MPs must learn true meaning of democracy!
Vol XXVIII NO. 17 Wednesday 6 April 2005
BY AMIRA AL HUSSAINI
At first, they wanted a democracy. Then, they got a democracy. And now that they have a democracy, they are not sure whether they want to deal with it and the freedoms and "decadence" it could bring or not. The fundamental principle behind a democracy is freedom, a concept some of our MPs and many others in our beloved kingdom are obviously not familiar with.
They are claiming to be democratic, but are not yet ready to deal with society in a mature way and allow people to make their own choices.
Will limiting people's freedom ensure that the principles of democracy are upheld in Bahrain?
Will infringing on the rights guaranteed by the Constitution and the United Nations Human Rights Charter instil the teachings of democracy?
These are all redundant questions. The real question is who is behind the motion to drag Bahrain back to the dark ages?
Freedom means that individuals are free to do whatever they want, provided their action doesn't break the law or trespasses on the freedom of others.
The key motion our honourable MPs should promote is enhancing freedom and not curtailing it.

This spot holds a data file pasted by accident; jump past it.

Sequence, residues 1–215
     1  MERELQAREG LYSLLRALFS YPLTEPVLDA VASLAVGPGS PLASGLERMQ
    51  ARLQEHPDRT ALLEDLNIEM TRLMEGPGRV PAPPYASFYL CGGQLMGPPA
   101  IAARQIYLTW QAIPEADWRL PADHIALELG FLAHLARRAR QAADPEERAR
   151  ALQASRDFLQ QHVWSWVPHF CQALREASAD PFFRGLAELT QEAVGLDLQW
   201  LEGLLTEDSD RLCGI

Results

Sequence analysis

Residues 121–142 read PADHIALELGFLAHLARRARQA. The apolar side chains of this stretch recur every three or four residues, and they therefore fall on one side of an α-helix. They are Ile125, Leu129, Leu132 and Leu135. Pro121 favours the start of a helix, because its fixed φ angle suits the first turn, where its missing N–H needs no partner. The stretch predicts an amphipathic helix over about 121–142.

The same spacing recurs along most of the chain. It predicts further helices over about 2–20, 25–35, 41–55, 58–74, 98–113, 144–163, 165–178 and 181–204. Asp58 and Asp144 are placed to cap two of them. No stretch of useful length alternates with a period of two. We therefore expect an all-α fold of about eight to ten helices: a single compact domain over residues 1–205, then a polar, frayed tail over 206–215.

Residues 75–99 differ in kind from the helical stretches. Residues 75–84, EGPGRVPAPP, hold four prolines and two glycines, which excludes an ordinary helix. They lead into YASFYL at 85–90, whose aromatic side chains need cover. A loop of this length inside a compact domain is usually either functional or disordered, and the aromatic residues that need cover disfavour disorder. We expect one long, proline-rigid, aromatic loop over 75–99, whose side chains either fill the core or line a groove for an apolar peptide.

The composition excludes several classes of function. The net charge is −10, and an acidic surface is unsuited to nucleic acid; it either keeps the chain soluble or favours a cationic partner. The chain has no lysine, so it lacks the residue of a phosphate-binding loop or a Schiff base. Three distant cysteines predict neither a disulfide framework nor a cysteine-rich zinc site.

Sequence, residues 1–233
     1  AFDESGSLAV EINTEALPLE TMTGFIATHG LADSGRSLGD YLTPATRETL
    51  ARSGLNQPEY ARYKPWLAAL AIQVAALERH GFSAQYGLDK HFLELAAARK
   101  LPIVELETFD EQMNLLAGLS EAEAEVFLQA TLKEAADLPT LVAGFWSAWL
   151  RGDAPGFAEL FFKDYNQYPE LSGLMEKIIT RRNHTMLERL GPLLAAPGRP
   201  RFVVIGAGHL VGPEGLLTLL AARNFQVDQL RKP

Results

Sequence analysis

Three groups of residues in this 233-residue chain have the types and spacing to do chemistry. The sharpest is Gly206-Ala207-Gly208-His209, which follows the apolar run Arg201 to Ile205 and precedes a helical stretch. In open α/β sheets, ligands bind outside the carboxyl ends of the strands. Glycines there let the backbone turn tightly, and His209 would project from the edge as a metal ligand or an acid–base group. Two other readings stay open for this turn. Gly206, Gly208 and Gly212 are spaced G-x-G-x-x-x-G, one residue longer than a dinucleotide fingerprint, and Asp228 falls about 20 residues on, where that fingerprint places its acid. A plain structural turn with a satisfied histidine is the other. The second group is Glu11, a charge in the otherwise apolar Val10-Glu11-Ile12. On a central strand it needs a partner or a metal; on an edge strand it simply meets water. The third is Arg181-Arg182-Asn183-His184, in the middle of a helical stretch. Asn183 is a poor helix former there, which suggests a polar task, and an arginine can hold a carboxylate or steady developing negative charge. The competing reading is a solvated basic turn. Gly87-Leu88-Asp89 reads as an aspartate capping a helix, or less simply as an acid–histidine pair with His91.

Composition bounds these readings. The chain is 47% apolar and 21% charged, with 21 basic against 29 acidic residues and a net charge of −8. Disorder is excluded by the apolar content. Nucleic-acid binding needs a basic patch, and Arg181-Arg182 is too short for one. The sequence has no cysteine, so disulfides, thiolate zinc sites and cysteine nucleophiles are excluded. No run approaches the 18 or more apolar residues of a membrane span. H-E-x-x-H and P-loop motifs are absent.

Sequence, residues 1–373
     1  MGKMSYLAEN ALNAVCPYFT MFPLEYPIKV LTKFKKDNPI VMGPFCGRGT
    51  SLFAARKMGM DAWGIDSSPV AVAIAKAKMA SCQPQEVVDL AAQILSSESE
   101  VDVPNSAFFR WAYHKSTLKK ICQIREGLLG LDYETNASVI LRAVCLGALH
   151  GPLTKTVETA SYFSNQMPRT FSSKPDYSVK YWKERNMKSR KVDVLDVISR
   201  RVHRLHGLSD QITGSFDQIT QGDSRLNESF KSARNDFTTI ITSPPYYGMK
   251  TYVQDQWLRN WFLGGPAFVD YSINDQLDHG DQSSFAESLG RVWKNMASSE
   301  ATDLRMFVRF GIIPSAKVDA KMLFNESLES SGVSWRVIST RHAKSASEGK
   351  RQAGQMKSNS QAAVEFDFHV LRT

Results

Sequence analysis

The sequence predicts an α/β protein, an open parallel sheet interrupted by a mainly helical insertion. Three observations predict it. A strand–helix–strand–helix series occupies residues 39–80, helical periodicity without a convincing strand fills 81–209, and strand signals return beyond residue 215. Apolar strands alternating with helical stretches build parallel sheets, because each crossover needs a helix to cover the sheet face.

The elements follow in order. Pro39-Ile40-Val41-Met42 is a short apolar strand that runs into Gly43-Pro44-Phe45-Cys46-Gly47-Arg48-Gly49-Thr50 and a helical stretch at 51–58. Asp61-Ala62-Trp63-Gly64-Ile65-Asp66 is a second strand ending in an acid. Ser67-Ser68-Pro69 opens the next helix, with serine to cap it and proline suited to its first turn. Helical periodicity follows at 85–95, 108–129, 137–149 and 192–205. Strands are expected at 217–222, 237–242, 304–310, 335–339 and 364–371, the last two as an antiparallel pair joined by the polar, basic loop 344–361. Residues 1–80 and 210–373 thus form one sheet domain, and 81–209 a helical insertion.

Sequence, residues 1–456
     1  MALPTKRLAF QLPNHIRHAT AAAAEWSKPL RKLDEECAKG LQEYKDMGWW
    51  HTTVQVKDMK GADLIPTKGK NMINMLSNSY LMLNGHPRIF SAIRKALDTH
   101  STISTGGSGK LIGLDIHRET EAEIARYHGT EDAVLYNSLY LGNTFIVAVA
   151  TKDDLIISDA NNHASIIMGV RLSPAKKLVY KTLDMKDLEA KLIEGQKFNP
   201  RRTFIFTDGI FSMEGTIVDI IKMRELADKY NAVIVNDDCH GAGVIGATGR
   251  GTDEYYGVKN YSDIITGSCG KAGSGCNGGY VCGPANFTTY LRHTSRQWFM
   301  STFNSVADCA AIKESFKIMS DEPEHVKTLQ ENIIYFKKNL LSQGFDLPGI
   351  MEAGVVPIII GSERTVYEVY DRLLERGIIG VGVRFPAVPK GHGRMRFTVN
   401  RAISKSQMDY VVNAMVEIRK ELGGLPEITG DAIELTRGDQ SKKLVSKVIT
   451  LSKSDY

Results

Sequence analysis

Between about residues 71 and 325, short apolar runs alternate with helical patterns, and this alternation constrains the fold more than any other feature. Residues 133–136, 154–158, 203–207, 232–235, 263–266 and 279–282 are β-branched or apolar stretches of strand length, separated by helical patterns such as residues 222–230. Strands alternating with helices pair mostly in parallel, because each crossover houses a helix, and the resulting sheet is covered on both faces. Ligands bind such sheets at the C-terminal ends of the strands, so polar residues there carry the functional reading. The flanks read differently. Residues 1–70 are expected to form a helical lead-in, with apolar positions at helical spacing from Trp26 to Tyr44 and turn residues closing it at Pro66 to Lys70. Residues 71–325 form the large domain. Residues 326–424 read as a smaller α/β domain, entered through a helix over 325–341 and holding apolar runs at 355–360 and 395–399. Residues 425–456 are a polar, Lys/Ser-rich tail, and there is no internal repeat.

But this seems to be an impossible feat for the majority of the 40 MPs selected by the people, for the people of Bahrain.
Most people are asking: What has the parliament achieved in more than two years?
What have our MPs done to instil and enhance the doctrines of democracy and freedom?
What difference has a parliament really made for Bahrain?
The answer is simple. Nothing much.
Some of the highlights of the parliament are as follows: causing mayhem over the Nancy Ajram concert; chasing out Big Brother from Amwaj Islands; causing an uproar over co-education at Bahrain University; trying to halt a project as grand as the Bahrain International Circuit, which just hosted a thrilling Grand Prix, and giving lots and lots of empty promises to the people of Bahrain. Remember the BD500 "bonus" promised last year? Well, I guess this is the last we will hear of it.
Our MPs should be busy drawing up laws which protect and enhance people's freedom within a framework which maintains law and order, instead of squabbling over limiting people's freedoms.
It is high time our parliamentarians woke up and had a long and frank discussion among themselves: Do they want to function within a democracy, or continue to shove dictatorial motions down people's throats?
If they can't understand the meaning of a true or even an experimental democracy, then they should spare us the ridicule of the developed world and step down.
People would not lose much. In fact, the money being spent on their maintenance, cars, salaries, proposed pension scheme and pompous lifestyles could be donated to charity and help improve the conditions of their downtrodden Bahraini brethren.